Ghost World
dir. Zwigoff
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When I was living out my depression like a sullen teen, I wrote comic artist Dan Clowes a half-joking letter asking him for his hand in marriage. He wrote back. He said something akin to, "My wife wouldn't like that so much." Thinking about it now, I don't fixate on the fact that I was so pathetic and isolated I wrote a love letter to a famous person (and a comic artist, at that). Instead, I think about how much that scenario mimics the basic premise of Ghost World, the film based on Clowes' brilliant eponymous comic book. So much so, that I doubt I was the first despondent youth to fawn over Clowes' work, and love him from afar.

Directed by Terry Zwigoff (Crumb), Ghost World is the story of Enid (American Beauty's Thora Birch) and Rebecca (Scarlett Johansson), two misanthropic best friends who've just graduated from high school. They're intelligent and artistic--creative underachievers--and completely alienated from their bucolic community. Unfocused and bored with their surroundings, they play a mean-hearted joke on nerdy middle-ager Seymour (the fucking amazing Steve Buscemi, who looks exactly like a Clowes character without even trying). Because mean-hearted jokes are always more fun in theory than in practice, Enid starts to feel guilty and follows Seymour around. Soon, they are inseparable, bonded by their love of old records and complete disdain for most things living.

Birch is a mostly perfect Enid, slumped over and stompy a la Sassy circa 1992, muttering her lines without even opening her mouth. She tries to hide her idealism beneath her snide comments, but she glows when she is at frumpy Seymour's side. He collects records, blues 78s, and is the ultimate social reject. But he makes Enid feel like she's important, and she makes Seymour feel like he's worthwhile.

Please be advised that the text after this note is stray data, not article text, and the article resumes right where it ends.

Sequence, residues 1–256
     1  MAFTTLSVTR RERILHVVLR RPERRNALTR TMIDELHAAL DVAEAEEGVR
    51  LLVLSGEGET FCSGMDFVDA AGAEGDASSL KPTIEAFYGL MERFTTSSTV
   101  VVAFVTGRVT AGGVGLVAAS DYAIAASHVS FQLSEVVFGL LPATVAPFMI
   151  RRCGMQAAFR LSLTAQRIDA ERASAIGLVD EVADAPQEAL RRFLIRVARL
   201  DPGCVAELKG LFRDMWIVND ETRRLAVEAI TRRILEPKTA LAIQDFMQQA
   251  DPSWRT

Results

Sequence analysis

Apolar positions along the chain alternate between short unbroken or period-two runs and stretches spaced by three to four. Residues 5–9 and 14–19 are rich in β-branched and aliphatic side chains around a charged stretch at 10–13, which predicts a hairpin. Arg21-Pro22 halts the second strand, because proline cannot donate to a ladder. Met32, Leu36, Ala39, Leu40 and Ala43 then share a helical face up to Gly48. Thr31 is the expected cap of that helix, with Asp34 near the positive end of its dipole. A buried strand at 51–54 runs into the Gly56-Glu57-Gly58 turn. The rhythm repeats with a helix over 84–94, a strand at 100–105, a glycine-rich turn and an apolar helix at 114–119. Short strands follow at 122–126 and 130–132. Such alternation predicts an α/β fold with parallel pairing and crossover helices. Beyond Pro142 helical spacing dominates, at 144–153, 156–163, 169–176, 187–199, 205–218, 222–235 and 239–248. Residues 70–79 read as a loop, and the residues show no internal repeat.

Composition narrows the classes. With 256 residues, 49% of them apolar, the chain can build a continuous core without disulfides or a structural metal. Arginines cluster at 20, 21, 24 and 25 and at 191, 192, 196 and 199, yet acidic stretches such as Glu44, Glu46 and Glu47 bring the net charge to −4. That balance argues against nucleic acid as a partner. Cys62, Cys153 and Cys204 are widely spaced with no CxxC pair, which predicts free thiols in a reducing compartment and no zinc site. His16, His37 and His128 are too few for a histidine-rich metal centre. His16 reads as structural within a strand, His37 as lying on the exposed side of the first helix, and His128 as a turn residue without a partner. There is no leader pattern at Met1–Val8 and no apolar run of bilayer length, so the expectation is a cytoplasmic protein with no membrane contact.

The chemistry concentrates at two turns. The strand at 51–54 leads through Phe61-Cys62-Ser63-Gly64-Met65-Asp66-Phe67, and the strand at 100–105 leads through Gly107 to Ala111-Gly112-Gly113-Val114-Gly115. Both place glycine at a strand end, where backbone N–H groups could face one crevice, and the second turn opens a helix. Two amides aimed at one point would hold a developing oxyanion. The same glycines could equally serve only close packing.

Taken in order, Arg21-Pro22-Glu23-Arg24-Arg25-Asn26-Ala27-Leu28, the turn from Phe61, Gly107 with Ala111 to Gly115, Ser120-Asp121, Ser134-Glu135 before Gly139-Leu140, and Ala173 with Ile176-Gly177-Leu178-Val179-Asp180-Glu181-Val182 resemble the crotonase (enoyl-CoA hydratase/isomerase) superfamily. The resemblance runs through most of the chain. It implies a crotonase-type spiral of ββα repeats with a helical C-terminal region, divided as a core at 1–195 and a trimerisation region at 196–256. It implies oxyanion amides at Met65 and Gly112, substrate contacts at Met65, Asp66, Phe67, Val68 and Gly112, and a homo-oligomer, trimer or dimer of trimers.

Like most high school summers, nothing immediately remarkable occurs in the lives of Enid, Rebecca, and Seymour--nobody gets killed, nobody gets pregnant, nobody wins the lottery. That's why Ghost World is such an excellent movie: it's exactly like real life, illustrating the slow changes that happen--Rebecca and Enid growing apart, Enid loving Seymour, but trying to fix him up with women more his age, Enid being angry at everyone, but just trying to figure out herself. These are the elements of life. They are not spectacular; they are totally mundane. But when you look beneath the surface, they are magical. As with all Clowes' characters (particularly in Ghost World, Like a Velvet Glove Cast in Iron, and the "David Boring" series in Eightball), the best parts examine the bizarreness in normality, and Zwigoff captures this subtly. For instance, in a scene where Enid and Rebecca are having an argument, a pregnant, smoking woman with a beer in her hand walks behind them in the background. She's an extra, a woman on the periphery, and she's not written into the story, except that she is the story. She embodies reality and anomaly, and that is the heart of Ghost World.

On the postcard in which Clowes rejected my marriage proposal, he wrote, "You should hold out for somebody better." In Ghost World, Enid is learning this same lesson. She knows that the best people in the world are the ones who tend to be the freakiest, but the biggest lesson for her (and all of us) is seeing the worth within herself.